The Guy Who Came Back


1h 31m 1951

Brief Synopsis

Former football star Harry Joplin is down on his luck, both in his career and in his married life. He seems convinced of his own unworthiness, but a chance to play in a charity football game helps him see his life in a new light.

Film Details

Also Known As
Humpty Dumpty, Just One More Chance, The Guy Who Sank the Navy, The Man Who Sank the Navy
Release Date
Jul 1951
Premiere Information
Los Angeles opening: 22 Jun 1951
Production Company
Twentieth Century-Fox Film Corp.
Distribution Company
Twentieth Century-Fox Film Corp.
Country
United States
Location
Los Angeles--Wrigley Field, California, United States
Screenplay Information
Based on the short story "The Man Who Sank the Navy" by William Fay in The Saturday Evening Post (17 Oct 1942).

Technical Specs

Duration
1h 31m
Sound
Mono
Color
Black and White
Theatrical Aspect Ratio
1.37 : 1

Synopsis

During World War II, former football star "Hurricane" Harry Joplin is deeply disappointed when an old ankle injury prevents him from enlisting in the Navy. Capt. Charlie Shallock urges Harry to leave New York City to work in a San Francisco shipbuilding yard, and Harry reluctantly agrees. Harry then goes to the nightclub owned by his pal, onetime boxing champion Boots Mullins, and meets his paramour, Dee Shane. Harry confesses to Dee that he bumped into his wife Kathy, from whom he is separated, and that she wants him to visit her that evening to see their son Willy. Dee allows Harry to break their date, but warns him that "when you lose something, it stays lost." Harry then muses about the breakup of his marriage: In September 1940, Harry, Kathy and Willy live in their country home outside New York. Harry is convalescing after an ankle injury and is working hard to get back into shape, while Kathy supports the family. Harry's mother disapproves of Kathy's having to work, but Harry reassures her that the New York Titans will be sending him a new contract soon. Willy and Harry dote on each other, and Harry enjoys teaching his son about the game he loves. Kathy is concerned about Harry's immaturity but is thrilled when a letter from the Titans finally arrives. Much to Harry's dismay, however, the letter offers him a coaching job rather than a playing contract, which Harry stubbornly refuses. The following year, the family suffers both financially and emotionally, especially when sports columnist Fred O'Mara lambasts the still unemployed Harry in his column, calling him a "whale belly." Willy is crushed, and so Harry, still believing that he can play, asks coach Joe Demarcus to allow him to work out with the Titans. By the end of the day, however, Demarcus bluntly informs the middle-aged, flabby Harry that he has lost the magic that makes a great player. Dejected, Harry goes to Boots's nightclub, where he meets the beautiful Dee for the first time. Trying to impress Dee, Harry regales the appreciative patrons with one of his famous gridiron stories. Dee follows Harry as he leaves and, slipping into his taxi, tells the driver to take them to her apartment. There, Dee tells Harry that he should become an entertainer and emcee like Jack Dempsey or Maxie Rosenbloom. Won over by Dee's enthusiasm and sympathy, Harry rehearses endlessly, despite Kathy's misgivings. Finally, jealous of Dee and worried that Harry will humiliate himself, Kathy begs him to quit, but Harry insists that he will be a sensation. During his opening night, however, Harry is a painful flop and goes on a three-day drinking binge. Gordon Towne, the Joplins' friend, locates Harry and brings him home, and although Dee accompanies them to assure Kathy that Harry has not been with her, Kathy is heartbroken by Harry's irresponsibility and asks him to move out. Back in the bar, Harry's reminiscences end, and Dee warns him that he is endangering their relationship by living in the past. Harry then goes to Kathy's apartment, where she flirts with him. Harry is dismayed to learn that Kathy and Gordon have been dating, and attempts to impress Willy by claiming to have a top-secret government job in San Francisco. Admitting that she misses him, Kathy asks Harry to return home, but he insists that he is not worthy of her love. When Gordon arrives, Harry tells him that he will divorce Kathy so that they can marry. Although Gordon is uncertain, Harry assures him that it would be best for Kathy and Willy, and Gordon, who has loved Kathy for years, agrees. Soon after, Kathy visits Dee and asks her to convince Harry to pursue a coaching job, as he cannot live without football. Dee bitterly declares that she will never allow Harry to return to football, and is surprised when Kathy reveals that Harry is about to leave for San Francisco. After Kathy departs, Dee tracks Harry to the arena where he has been working as a wrestler, and he tells her that she cannot accompany him to the West Coast. Realizing that Harry will always love Kathy, Dee calls her and tells her where Harry is. Kathy arrives for that evening's bout, and Dee assures her that she can "handle" Demarcus for her. After the match, Kathy begs Harry to return to the family and to ask Demarcus for a coaching job, for Willy's sake. Harry decides instead to ask Demarcus for a job as a player, and thanks to Dee's persuasion, Demarcus reluctantly agrees. Soon after, the ragtag Titans, decimated by the wartime man shortage, are competing against the superior Navy team. Kathy and a delighted Willy are in the audience, and are horrified when, during his first play, Harry is knocked unconscious. Harry comes to at the end of the first half, and although Demarcus announces that his comeback is over, Harry insists on sitting on the bench so that Willy will not be disappointed. During the last five minutes of the game, with all of the other players injured, Demarcus is forced to put Harry back on the field, and Harry eventually makes a touchdown, despite being tackled numerous times. The Titans win a surprising victory, thanks to Harry's perseverance, and Demarcus offers Harry a new playing contract. Realizing his playing days are over, Harry asks for a coaching job instead, but is stunned when an admiral offers to enlist him in the Navy, stating: "It isn't every Navy that can acquire the ship that sinks it." Harry then humbly asks Kathy if she still wants him, and the reunited couple walk out of the locker room with Willy.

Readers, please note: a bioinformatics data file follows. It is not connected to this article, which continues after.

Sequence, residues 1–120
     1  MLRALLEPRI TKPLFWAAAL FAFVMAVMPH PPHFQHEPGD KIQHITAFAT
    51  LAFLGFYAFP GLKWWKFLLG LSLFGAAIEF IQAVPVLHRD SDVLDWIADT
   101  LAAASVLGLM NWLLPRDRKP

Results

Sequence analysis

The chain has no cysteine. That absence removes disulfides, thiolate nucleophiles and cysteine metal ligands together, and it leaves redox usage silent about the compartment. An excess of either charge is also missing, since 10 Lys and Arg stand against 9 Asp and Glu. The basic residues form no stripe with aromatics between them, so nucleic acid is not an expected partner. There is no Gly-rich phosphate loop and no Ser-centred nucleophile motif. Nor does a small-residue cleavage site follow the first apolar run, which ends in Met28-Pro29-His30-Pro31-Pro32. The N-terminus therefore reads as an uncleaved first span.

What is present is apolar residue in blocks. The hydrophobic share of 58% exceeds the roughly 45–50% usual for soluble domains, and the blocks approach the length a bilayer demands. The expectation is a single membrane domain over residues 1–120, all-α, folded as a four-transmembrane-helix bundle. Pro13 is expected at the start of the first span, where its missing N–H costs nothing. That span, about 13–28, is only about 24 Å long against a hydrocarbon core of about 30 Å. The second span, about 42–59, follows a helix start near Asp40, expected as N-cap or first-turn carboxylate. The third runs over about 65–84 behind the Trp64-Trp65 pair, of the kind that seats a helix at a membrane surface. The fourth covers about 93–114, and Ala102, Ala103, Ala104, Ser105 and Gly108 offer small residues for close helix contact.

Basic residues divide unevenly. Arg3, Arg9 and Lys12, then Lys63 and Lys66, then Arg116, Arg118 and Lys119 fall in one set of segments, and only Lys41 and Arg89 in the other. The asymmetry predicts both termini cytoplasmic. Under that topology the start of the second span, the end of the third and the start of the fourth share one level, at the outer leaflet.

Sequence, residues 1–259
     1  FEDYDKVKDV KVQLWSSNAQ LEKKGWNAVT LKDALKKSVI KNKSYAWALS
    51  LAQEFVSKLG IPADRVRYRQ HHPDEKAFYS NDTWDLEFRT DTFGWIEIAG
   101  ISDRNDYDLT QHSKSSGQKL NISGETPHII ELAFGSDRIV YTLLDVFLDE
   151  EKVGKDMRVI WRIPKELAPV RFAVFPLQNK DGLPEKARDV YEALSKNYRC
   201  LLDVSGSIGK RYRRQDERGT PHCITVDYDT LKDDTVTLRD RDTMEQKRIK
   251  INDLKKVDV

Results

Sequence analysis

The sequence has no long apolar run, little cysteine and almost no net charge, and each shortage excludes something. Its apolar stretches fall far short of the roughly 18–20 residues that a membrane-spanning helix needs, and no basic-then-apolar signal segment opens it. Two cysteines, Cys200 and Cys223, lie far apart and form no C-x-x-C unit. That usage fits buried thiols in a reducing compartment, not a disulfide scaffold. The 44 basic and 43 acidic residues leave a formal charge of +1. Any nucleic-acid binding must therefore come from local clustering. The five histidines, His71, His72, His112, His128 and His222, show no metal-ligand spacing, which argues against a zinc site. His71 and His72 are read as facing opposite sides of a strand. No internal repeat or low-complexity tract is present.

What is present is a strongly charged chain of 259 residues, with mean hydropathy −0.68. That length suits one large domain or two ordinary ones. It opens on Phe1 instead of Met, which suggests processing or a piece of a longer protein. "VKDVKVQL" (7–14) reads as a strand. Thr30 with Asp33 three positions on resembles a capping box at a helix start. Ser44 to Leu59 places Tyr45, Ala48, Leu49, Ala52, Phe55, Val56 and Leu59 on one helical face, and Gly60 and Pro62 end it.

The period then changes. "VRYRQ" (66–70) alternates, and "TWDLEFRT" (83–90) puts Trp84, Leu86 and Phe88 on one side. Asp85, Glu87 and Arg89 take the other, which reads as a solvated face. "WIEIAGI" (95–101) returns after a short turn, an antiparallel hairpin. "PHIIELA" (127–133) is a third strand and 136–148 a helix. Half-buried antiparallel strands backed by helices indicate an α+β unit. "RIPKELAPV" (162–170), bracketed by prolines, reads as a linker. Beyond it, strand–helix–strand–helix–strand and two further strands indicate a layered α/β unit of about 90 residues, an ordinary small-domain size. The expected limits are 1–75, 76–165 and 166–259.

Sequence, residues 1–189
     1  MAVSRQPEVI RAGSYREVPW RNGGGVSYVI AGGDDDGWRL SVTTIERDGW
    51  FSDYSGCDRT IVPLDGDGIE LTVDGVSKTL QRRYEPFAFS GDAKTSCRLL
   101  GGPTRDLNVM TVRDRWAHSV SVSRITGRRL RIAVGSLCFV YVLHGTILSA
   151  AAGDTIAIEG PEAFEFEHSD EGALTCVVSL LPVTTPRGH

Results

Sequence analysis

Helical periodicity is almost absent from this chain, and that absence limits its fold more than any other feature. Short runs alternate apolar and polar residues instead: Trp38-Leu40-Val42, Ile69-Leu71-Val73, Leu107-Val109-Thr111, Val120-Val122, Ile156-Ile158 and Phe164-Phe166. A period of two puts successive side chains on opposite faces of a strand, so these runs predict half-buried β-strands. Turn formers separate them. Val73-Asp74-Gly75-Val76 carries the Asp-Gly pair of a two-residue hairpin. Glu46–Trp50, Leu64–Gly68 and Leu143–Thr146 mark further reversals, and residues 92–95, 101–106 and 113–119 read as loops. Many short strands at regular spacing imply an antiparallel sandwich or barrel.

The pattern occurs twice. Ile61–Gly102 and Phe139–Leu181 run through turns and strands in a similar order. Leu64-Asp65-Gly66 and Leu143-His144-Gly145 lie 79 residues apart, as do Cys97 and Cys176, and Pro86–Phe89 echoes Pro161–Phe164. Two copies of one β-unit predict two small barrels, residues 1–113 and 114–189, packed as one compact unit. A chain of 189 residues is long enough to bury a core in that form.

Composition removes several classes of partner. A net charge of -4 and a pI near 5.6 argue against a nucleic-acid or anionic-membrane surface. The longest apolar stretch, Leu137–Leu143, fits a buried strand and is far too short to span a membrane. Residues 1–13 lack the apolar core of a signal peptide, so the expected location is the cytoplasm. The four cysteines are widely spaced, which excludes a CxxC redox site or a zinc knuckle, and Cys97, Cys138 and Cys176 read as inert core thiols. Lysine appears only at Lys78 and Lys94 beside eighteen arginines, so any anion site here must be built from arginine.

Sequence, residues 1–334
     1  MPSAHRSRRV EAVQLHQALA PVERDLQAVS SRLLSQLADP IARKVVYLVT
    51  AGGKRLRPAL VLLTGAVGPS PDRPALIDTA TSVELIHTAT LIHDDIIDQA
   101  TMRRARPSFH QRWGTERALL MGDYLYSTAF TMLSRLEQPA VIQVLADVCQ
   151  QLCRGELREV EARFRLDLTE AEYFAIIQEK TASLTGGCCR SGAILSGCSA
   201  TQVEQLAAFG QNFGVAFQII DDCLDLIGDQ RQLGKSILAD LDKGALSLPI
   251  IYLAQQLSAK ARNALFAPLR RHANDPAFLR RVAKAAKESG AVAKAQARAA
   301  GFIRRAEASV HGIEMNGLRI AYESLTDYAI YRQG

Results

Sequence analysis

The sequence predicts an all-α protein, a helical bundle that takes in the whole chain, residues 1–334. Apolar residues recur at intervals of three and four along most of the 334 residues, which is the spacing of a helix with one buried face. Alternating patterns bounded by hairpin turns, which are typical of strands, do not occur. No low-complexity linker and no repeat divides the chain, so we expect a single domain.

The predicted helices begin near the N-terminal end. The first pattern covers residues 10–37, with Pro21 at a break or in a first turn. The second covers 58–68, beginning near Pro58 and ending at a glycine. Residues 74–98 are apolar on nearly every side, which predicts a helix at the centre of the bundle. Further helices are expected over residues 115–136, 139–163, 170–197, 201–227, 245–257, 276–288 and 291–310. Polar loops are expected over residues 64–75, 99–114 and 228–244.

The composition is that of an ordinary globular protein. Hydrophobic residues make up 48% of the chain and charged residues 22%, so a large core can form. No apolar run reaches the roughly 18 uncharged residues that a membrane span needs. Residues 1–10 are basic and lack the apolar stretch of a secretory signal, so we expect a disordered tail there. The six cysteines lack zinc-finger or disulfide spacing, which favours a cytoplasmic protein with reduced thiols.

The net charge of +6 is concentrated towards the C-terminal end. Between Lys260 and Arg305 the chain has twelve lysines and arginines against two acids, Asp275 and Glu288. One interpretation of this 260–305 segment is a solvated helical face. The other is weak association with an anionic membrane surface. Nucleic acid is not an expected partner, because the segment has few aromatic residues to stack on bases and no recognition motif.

Film Details

Also Known As
Humpty Dumpty, Just One More Chance, The Guy Who Sank the Navy, The Man Who Sank the Navy
Release Date
Jul 1951
Premiere Information
Los Angeles opening: 22 Jun 1951
Production Company
Twentieth Century-Fox Film Corp.
Distribution Company
Twentieth Century-Fox Film Corp.
Country
United States
Location
Los Angeles--Wrigley Field, California, United States
Screenplay Information
Based on the short story "The Man Who Sank the Navy" by William Fay in The Saturday Evening Post (17 Oct 1942).

Technical Specs

Duration
1h 31m
Sound
Mono
Color
Black and White
Theatrical Aspect Ratio
1.37 : 1

Quotes

Trivia

Notes

The working titles of this film were The Man Who Sank the Navy, The Guy Who Sank the Navy, Just One More Chance and Humpty Dumpty. William Fay's short story was included in the anthology The Saturday Evening Post Sport Stories (New York, 1949). According to a August 10, 1949 Hollywood Reporter news item, when Twentieth Century-Fox purchased Fay's story, he was under consideration to write the film's screenplay. Although a November 29, 1950 Hollywood Reporter news item announced that James Millican was being tested for a role, it is unlikely that he appeared in the released picture. Other Hollywood Reporter news items note that some scenes were filmed on location at Wrigley Field in Los Angeles, CA, and that Kathleen Hughes had been added to the cast, although her appearance in the completed film has not been confirmed. Filming of the football sequences had to be postponed after star Paul Douglas broke two ribs during a rehearsal, according to November and December 1950 Hollywood Reporter news items.